United Fruit plantation in Central America
Árbenz’s primary goal was modernizing Guatemala. To do so, he needed to wrest control of his nation’s future from the single corporation that controlled it: United Fruit. So Árbenz made his number one priority land reform, which through much of Latin American history has been the major goal of left-leaning movements against the church, conservatives, and outside corporations. He issued Decree 900, giving the government the right to expropriate unused land from agricultural corporations, compensating the owners. That included United Fruit, which had a lot of land now out of production thanks to banana monocultures leading to diseases that kill trees. During the 18 months of the program’s existence, 1.5 million acres were distributed to 100,000 families.
Árbenz had significant support from labor unions in Guatemala for his reforms. He had started forging links to the Guatemalan labor movement early in his rise. The Guatemalan labor movement had significant ties to the Communist Party and the CP supported Árbenz, thus helping to deliver that rank and file labor support. With United Fruit and conservative elements of the Guatemalan industry shouting that Árbenz was a communist, even though he was just a nationalist, he embraced the idea of it since the policies the U.S. supported in his nation were so awful that being a communist could not be all bad.
United Fruit had urged the U.S. to overthrow what it claimed were communist-led governments in Guatemala going back to 1945. Those calls were heard when the Eisenhower administration took power in 1953. United Fruit had very close connections to Eisenhower’s foreign policy team, especially Secretary of State John Foster Dulles and CIA head Allen Dulles. The Dulles brothers had both done legal work for United Fruit before joining the administration. They and Eisenhower were aggressive about using the CIA to undermine left-wing movements in the developing world and quickly moved to eliminate Arbenz. The CIA went so far as to personally select his replacement, Carlos Castillo Armas. The initial CIA-funded invasion was pathetic and made little impact, but Árbenz was afraid that an overwhelming victory over these forces would provoke direct American action. That happened anyway through airpower and the use of napalm against ships exporting goods out of the nation. By June 27, the CIA won through creating a crisis of confidence against Árbenz in the military, who forced him to resign.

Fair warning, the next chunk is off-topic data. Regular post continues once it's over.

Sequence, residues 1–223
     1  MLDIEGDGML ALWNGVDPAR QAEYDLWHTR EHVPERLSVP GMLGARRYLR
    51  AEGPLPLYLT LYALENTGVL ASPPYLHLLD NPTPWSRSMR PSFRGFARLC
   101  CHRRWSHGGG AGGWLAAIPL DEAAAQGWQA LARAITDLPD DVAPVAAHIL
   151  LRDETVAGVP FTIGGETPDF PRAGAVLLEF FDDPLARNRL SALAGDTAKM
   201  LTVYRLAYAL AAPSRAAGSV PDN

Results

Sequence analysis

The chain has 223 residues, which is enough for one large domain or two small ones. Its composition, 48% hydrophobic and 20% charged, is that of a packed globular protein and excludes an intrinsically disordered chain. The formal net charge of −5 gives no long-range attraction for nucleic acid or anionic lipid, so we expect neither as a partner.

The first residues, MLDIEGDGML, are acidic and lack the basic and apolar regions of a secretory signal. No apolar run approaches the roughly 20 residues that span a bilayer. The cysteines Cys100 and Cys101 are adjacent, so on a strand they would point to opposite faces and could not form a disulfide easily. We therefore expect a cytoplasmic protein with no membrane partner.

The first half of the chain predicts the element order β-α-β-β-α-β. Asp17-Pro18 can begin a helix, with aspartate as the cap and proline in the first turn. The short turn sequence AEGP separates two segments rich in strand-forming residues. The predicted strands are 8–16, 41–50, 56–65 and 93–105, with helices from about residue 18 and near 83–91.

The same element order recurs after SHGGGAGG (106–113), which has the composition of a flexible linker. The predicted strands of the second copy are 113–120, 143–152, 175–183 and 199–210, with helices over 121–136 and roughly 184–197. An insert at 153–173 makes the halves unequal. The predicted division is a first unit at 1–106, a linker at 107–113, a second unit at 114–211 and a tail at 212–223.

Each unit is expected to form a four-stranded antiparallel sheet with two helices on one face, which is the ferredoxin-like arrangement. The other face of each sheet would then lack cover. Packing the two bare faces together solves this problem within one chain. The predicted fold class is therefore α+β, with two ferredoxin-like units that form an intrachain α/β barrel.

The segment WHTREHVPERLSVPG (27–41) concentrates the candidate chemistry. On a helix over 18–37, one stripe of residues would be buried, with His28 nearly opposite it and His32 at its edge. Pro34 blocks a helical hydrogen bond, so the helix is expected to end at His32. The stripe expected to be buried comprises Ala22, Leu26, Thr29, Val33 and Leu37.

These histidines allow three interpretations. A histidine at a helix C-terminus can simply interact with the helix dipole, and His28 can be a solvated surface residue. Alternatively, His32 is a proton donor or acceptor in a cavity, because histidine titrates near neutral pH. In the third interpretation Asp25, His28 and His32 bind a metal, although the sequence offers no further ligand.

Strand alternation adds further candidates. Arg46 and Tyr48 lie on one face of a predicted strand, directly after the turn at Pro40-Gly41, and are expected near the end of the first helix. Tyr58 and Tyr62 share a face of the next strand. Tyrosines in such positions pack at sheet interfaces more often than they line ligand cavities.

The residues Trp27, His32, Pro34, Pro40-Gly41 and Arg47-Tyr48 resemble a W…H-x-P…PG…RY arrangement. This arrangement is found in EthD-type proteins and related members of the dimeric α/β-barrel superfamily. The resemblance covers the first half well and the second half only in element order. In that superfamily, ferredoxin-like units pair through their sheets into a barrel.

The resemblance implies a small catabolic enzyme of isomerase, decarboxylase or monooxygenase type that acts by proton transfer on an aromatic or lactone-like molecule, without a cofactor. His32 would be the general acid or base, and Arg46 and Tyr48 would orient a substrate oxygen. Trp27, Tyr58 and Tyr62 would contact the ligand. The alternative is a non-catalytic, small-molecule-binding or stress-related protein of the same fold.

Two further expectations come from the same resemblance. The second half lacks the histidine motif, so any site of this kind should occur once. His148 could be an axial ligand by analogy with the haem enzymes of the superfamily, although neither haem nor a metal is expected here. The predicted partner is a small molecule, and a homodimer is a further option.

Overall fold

Always vociferously anti-communist at home, the American Federation Labor happily worked with the CIA during the Cold War to undermine left-leaning labor unions in the developing world and foster politically conservative unionism that would promote the goals of American foreign policy. Shortly before the coup, the AFL’s Latin American Inter-American Regional Organization of Workers (ORIT) established an organization in Mexico called Guatemalan Workers in Exile. Effectively, it was an operation to create a right-wing labor movement for the post-coup government. Ten days after the coup, Serafino Romualdi, the AFL’s ambassador to Latin America, was in Guatemala City with the figurehead of ORIT and the leader of the right-wing labor movement in Batista’s Cuba to take over the former Guatemalan trade union building and reestablish the labor movement on lines friendly to the U.S. government and United Fruit. This attempt to create a moderate anti-communist trade union that would be a respected member of a U.S.-friendly government failed completely as the new military regime didn’t care less about the roots of unions and sought to crush all organized labor.
Guatemala suffered under decades of military dictatorships supported by the United States and its corporations, culminating in the rule of Efraín Ríos Montt, the Reagan supported military leader in the early 1980s who engaged in a genocidal campaign against the nation’s indigenous population, defining them as communists for being indigenous.
For years, Árbenz floated around Europe, trying to find a place to live. The CIA muscled western European nations to deny him. The Czechs didn’t want him because they were nervous he would seek financial remuneration for the shoddy guns they sold him before the coup. The Soviets took him for awhile but he wanted to return to Latin America. He eventually ended up in Cuba after the Revolution. Later he moved to Mexico. Over all this time, he sunk into desperation and alcoholism before drowning in a bathtub in 1971.
Today, Guatemala is one of the world’s most violent and dangerous nations thanks in no small part to the destabilization caused in 1954. The U.S. continues to engage in a post-colonial relationship with Guatemala and its workers, including the exploitation of the poor by apparel industry sweatshops who will just jump 20 miles to Honduras or El Salvador if the nation enforces labor regulations or allows its workers to form strong unions. Repression of labor has been the hallmark of Guatemala governments in the 21st century.